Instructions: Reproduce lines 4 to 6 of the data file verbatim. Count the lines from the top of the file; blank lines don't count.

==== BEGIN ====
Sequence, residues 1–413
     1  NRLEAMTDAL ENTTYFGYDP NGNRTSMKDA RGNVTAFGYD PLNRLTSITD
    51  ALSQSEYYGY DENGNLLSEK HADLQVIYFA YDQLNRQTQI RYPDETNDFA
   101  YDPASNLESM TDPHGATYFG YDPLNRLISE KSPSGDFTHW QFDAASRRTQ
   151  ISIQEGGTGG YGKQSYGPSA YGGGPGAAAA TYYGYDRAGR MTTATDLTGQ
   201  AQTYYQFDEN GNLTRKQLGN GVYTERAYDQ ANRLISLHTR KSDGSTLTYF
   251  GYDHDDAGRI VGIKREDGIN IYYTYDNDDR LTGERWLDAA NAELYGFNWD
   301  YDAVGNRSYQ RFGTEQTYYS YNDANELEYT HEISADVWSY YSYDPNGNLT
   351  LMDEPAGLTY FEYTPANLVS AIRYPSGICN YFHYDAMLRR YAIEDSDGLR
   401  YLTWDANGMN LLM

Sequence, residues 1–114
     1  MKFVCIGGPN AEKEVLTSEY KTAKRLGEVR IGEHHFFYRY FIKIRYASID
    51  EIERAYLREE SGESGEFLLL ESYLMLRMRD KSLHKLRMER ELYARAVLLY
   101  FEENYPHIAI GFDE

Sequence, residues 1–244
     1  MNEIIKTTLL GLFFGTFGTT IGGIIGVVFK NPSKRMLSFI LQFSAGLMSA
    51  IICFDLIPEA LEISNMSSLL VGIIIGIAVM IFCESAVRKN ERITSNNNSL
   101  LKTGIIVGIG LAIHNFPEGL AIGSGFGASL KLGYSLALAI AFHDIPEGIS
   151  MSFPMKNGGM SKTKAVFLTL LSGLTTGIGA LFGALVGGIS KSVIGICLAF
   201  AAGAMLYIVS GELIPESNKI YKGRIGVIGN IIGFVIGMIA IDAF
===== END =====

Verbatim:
   101  YDPASNLESM TDPHGATYFG YDPLNRLISE KSPSGDFTHW QFDAASRRTQ
   151  ISIQEGGTGG YGKQSYGPSA YGGGPGAAAA TYYGYDRAGR MTTATDLTGQ
   201  AQTYYQFDEN GNLTRKQLGN GVYTERAYDQ ANRLISLHTR KSDGSTLTYF